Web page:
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Trump takes the stage at a rally in Nashville, Tennessee. Photo: Drew Angerer/Getty Images

A dilemma for news organizations in this epic era is that President Trump isn't just the biggest story in politics. On many days, he's the biggest story in business, the biggest story in media, the biggest story in tech, the biggest global story.

The bottom line: The same phenomenon is infusing campaigns. Boston Globe State House reporter Matt Stout found that from statewide races to local contests, the politics and the debate can often be all about Trump.

  • Sentence du jour: "If all politics was local in the era of Tip O’Neill, the reverse may be true under Trump."
  • "For local and statewide campaigns normally walled off from Washington, Trump has loomed large across the ballot in Massachusetts this year, permeating the dialogue and campaign messaging in races that are usually dominated by local, not federal, issues."
  • "Trump has never campaigned in Hatfield. The president is not calling for cuts to school funding in Southampton or denying new liquor licenses in Northampton. But in the race for the First Hampshire District’s state representative seat, where the East-West railway and dairy farming are campaign fodder, so is Trump."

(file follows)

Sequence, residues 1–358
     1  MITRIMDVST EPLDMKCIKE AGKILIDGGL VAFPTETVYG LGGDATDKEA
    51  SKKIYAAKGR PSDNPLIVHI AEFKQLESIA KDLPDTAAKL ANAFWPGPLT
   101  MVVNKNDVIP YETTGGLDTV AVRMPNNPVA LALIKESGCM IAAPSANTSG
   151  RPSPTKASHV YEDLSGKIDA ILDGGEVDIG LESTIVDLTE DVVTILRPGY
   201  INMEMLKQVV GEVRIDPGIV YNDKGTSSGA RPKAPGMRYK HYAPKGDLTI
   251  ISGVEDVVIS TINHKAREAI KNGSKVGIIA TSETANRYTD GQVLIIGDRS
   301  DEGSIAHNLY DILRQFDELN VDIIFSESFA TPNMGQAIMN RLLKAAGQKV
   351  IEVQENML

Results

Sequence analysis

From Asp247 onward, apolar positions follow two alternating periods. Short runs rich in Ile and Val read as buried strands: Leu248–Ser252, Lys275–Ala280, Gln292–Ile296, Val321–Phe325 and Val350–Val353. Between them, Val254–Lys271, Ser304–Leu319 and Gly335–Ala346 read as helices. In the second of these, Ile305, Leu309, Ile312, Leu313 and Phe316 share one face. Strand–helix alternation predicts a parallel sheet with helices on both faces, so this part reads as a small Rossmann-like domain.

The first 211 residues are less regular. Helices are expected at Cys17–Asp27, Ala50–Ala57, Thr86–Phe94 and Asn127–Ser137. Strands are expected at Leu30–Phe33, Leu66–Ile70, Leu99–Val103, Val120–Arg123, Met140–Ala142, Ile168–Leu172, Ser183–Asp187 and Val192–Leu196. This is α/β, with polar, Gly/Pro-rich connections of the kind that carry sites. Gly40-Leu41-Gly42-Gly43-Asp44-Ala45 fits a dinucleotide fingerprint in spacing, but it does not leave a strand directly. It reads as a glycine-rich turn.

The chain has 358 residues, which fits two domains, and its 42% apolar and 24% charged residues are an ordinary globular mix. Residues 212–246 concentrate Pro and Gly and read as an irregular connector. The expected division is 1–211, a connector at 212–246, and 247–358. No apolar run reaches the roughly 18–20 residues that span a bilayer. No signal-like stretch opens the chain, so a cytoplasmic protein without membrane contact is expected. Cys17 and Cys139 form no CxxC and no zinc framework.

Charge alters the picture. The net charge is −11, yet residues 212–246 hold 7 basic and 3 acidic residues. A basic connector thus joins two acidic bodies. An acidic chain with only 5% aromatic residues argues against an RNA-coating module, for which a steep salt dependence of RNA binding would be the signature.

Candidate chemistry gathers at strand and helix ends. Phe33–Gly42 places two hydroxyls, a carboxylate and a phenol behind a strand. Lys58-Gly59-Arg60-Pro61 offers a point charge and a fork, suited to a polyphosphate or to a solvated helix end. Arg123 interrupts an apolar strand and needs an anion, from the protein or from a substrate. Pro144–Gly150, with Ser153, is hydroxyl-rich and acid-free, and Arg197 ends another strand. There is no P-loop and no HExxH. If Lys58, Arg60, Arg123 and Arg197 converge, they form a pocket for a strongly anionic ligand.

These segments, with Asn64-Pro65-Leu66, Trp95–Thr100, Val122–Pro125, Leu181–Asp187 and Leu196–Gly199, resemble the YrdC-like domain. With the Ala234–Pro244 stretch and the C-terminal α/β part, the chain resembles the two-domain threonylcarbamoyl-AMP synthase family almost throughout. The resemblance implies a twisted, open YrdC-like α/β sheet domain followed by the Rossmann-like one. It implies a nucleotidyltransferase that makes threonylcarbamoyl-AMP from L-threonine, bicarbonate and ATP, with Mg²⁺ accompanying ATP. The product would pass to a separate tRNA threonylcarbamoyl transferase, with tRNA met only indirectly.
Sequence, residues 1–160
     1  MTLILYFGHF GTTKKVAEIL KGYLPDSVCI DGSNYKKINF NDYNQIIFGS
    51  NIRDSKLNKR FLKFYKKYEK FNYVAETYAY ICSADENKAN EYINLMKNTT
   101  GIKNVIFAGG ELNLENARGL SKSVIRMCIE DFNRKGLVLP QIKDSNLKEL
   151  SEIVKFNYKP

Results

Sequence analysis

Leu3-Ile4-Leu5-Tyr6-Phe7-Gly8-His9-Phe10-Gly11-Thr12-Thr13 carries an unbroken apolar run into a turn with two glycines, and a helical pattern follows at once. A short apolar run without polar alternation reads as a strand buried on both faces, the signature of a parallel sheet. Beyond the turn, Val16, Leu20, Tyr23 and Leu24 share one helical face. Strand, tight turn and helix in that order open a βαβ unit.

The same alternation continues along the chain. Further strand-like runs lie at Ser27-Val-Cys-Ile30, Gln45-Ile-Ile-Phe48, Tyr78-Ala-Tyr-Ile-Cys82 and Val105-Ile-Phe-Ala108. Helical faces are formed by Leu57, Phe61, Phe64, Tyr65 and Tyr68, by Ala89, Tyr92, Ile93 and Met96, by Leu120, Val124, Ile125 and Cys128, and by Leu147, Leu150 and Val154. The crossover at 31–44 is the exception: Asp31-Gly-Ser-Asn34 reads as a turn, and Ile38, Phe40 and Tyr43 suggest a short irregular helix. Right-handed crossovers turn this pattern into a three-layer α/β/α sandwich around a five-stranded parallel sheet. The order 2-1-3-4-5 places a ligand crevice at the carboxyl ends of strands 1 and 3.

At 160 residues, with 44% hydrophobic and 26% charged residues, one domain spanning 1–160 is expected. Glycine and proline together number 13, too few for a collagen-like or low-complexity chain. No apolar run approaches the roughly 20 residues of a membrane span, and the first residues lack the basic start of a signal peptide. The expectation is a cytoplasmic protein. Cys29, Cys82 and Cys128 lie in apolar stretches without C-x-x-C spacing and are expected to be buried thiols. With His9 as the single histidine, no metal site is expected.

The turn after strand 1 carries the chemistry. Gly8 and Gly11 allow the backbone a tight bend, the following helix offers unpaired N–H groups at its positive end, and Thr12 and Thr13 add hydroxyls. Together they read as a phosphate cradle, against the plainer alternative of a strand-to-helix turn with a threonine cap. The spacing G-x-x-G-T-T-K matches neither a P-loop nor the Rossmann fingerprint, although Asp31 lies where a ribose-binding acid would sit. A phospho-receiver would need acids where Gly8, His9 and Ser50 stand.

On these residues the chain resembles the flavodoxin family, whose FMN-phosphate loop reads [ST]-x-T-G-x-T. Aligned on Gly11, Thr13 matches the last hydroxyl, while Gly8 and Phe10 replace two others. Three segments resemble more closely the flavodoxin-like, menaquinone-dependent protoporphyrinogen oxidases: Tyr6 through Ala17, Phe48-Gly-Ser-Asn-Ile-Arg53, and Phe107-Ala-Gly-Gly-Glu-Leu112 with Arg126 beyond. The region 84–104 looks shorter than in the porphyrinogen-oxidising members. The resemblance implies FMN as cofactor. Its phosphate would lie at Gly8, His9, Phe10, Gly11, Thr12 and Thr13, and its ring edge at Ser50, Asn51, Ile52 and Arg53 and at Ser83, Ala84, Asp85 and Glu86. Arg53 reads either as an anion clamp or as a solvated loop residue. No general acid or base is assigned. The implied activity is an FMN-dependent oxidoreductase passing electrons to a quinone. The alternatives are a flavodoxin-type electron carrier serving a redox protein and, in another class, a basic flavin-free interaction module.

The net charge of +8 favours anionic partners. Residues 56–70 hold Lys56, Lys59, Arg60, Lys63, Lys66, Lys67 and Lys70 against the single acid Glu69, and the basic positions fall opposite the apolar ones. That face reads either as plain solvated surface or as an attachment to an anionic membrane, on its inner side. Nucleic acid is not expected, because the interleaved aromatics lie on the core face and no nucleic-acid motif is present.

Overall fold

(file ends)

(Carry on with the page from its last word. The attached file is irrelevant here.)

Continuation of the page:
• A great example: "[A]n array of candidates have pointed to his election as a catalyst for them launching their first political campaign."

Go deeper

Tech digs in for long domestic terror fight

Illustration: Sarah Grillo/Axios

With domestic extremist networks scrambling to regroup online, experts fear the next attack could come from a radicalized individual — much harder than coordinated mass events for law enforcement and platforms to detect or deter.

The big picture: Companies like Facebook and Twitter stepped up enforcement and their conversations with law enforcement ahead of Inauguration Day. But they'll be tested as the threat rises that impatient lone-wolf attackers will lash out.

The pandemic could be worsening childhood obesity

Illustration: Aïda Amer/Axios

The 10-month long school closures and the coronavirus pandemic are expected to have a big impact on childhood obesity rates.

Why it matters: About one in five children are obese in the U.S. — an all-time high — with worsening obesity rates across income and racial and ethnic groups, data from the National Health and Nutrition Examination Survey show.

Dave Lawler, author of World
57 mins ago - World

Biden's Russia challenge

Illustration: Eniola Odetunde/Axios

The Biden administration has already proposed a five-year extension of the last treaty constraining the U.S. and Russian nuclear arsenals, announced an urgent investigation into a massive Russia-linked cyberattack, and demanded the release of Russia’s leading opposition figure, Alexey Navalny.

Why it matters: Those three steps in Biden's first week underscore the challenge he faces from Vladimir Putin — an authoritarian intent on weakening the U.S. and its alliances, with whom he’ll nonetheless have to engage on critical issues.